Saturday, November 2, 2019


I picked this volume up at a local Meijers at a discount--there's nothing better than getting books cheap.

In high school back in the 1980s I read the first major biography of George Lucas, SKYWALKING, by Dale Pollock. This newer book by Brian Jay Jones is a much more thorough examination of the filmmaker, going up to the release of THE FORCE AWAKENS.

Much of what is in this biography will be familiar to hardcore Star Wars fans, such as the car accident that nearly claimed Lucas' life as he was on the verge of graduating high school, and his battles with studios on films such as THX-1138 and AMERICAN GRAFFITI. What really comes across in this book is Lucas' fiercely independent nature. He was determined to make the movies he wanted to make, and make them his way, with no interference from anyone else--and he succeeded in that goal.

Lucas' independent streak has affected his personal life as well. He maintains his base of operations in Northern California, away from Hollywood, and as an intensely private man, he has no interest in living a glamorous lifestyle. Lucas considers himself an ordinary person, despite the fact he is one of the richest individuals in the world.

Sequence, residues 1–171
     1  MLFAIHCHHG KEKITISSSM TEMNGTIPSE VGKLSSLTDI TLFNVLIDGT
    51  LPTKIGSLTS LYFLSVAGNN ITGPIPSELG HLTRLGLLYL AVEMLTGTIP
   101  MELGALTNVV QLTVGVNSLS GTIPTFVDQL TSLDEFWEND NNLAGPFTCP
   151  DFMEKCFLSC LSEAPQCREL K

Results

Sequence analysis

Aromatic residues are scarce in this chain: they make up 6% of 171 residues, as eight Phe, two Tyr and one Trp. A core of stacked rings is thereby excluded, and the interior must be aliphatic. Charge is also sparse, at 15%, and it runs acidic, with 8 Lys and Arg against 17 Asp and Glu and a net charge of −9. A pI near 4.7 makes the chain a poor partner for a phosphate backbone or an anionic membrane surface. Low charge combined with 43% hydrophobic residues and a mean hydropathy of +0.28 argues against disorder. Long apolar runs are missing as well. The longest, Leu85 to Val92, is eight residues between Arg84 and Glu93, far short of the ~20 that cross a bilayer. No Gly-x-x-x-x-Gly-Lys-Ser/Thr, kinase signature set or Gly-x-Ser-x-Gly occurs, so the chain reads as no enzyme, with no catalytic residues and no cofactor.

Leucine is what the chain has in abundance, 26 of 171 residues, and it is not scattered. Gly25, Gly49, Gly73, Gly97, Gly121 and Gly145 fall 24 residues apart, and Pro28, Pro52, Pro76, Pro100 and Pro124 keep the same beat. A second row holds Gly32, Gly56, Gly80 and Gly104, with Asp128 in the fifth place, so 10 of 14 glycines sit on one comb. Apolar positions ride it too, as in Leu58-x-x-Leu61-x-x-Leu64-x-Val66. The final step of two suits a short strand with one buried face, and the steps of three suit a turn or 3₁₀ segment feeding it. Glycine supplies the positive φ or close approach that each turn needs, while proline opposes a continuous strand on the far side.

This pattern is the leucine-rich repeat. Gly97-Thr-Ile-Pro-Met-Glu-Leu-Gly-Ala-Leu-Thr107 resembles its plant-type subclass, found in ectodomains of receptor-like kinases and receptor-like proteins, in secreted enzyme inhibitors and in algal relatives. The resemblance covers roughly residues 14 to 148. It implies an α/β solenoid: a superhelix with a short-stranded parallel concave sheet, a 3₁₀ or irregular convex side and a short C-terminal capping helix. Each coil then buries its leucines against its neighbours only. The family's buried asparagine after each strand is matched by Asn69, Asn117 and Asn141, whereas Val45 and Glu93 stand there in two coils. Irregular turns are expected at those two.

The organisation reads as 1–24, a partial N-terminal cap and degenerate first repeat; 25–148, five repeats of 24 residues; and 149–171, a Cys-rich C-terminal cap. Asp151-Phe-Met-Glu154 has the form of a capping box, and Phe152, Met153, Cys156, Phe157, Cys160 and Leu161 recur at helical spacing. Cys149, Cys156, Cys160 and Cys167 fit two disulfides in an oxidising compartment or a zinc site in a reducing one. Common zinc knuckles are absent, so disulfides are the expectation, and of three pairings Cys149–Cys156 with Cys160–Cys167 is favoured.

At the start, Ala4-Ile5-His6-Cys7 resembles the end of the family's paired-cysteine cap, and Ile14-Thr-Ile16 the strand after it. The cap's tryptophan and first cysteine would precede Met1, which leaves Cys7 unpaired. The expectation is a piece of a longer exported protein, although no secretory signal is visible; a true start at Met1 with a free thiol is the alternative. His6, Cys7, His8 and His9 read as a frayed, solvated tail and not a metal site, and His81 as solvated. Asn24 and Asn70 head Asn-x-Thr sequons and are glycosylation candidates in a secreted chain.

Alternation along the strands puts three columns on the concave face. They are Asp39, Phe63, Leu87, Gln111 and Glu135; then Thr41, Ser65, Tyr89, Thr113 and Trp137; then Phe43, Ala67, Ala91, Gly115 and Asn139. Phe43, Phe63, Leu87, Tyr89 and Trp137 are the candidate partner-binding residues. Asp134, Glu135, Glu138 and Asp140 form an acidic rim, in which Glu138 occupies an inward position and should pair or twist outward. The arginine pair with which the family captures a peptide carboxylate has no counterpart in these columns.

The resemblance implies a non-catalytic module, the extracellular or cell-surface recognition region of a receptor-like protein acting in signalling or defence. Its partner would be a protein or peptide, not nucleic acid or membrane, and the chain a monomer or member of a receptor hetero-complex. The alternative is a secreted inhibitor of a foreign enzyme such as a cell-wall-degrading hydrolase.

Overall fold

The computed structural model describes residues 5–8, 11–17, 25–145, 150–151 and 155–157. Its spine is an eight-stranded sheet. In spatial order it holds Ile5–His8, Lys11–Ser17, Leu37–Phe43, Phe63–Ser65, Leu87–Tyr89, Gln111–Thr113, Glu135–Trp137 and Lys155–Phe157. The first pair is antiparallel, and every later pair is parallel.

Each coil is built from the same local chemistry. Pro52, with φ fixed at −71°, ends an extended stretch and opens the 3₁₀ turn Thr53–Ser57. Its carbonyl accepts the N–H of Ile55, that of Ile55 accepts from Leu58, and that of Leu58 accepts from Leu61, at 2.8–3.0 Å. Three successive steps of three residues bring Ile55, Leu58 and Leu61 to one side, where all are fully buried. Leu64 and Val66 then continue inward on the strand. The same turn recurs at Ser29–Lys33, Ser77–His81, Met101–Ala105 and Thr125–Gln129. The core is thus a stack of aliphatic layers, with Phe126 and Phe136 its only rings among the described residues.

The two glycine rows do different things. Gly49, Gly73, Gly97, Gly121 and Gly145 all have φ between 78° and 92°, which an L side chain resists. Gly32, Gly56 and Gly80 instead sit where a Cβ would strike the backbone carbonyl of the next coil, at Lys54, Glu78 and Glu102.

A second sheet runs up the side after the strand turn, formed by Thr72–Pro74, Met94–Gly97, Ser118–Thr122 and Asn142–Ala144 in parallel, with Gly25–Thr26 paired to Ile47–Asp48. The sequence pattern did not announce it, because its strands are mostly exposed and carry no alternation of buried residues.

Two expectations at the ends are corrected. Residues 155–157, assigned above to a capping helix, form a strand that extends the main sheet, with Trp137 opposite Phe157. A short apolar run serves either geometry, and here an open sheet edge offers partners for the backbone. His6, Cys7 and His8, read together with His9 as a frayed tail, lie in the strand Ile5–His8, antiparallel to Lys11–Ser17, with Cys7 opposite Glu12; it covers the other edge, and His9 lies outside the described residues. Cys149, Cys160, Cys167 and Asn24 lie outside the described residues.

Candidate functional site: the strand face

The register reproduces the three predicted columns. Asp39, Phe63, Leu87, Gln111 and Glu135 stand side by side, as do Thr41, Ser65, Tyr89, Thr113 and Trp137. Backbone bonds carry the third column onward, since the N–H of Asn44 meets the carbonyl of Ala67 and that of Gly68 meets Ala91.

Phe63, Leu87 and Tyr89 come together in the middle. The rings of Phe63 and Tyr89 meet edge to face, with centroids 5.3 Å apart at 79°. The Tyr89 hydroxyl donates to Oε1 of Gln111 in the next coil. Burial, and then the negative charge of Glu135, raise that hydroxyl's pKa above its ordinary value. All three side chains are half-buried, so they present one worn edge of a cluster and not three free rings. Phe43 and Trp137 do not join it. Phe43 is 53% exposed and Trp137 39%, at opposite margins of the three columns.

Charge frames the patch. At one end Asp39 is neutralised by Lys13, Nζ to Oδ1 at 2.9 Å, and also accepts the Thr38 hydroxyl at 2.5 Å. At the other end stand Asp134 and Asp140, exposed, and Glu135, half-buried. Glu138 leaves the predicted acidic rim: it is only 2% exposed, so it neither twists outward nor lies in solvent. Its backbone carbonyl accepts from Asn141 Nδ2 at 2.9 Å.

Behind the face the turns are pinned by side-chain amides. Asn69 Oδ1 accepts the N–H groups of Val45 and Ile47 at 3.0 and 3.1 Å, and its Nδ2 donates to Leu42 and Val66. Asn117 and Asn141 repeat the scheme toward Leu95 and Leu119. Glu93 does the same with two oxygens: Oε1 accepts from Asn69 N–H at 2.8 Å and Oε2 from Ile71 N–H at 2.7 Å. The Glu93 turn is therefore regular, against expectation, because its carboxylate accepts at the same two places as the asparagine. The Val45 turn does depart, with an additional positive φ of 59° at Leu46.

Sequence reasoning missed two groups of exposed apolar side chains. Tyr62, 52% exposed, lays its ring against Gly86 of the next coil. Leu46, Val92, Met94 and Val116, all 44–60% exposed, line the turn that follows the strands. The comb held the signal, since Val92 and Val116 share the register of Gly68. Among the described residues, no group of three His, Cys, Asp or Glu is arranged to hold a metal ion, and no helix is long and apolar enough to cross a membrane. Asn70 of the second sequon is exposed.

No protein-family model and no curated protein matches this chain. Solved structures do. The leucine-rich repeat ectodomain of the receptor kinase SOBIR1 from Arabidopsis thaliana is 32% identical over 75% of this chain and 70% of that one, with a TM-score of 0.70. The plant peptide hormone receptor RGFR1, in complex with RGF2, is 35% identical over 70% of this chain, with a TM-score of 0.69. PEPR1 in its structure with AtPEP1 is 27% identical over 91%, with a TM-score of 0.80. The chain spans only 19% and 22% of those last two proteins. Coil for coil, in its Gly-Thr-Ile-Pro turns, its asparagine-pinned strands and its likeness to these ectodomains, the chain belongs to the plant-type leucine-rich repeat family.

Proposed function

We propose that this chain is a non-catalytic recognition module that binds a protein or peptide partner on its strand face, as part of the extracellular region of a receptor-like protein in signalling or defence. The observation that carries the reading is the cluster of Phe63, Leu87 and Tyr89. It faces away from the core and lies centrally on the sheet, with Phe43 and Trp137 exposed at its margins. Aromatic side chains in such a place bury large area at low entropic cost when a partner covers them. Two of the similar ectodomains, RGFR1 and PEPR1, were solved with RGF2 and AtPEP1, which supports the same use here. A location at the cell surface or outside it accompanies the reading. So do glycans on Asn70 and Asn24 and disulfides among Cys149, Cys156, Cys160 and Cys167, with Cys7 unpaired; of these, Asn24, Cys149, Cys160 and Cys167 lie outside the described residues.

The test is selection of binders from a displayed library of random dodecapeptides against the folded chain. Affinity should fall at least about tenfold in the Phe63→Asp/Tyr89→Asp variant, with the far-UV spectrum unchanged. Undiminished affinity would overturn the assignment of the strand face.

Jones examines Lucas' complex relationships with his friends Francis Ford Coppola and Steven Spielberg, and his first wife Marcia (who won an Oscar as co-editor on STAR WARS).

Obviously the Star Wars saga plays a large part in this book, but some of the more intriguing items covered are the Lucasfilm projects that did not make it big, such as HOWARD THE DUCK, RADIOLAND MURDERS, and RED TAILS. Jones suggests that the critical and financial failure of RED TAILS was the impetus for Lucas to sell Lucasfilm to Disney--an act the film mogul may be regretting.

The author writes in a clear, concise, easy-to-read style. He does not go into too much technical or analytical detail about Lucas' movies (one doesn't have to be a major film geek to enjoy this book). Jones makes very clear Lucas' impact on cinema and the entertainment industry, but he also points out that the filmmaker's individualistic attitude has many times caused him problems.

George Lucas has taken a lot of flack over the last 20 years, especially from people like me. But no one can deny his effect on modern-day cinema, or on modern-day culture. For better or worse, George Lucas has had more impact on society than just about any other human being in the last half-century. This book reiterates that, while defining Lucas as real person instead of a mysterious, remote figure. You can say what you want about him, but let's remember that he hired Peter Cushing and Christopher Lee.


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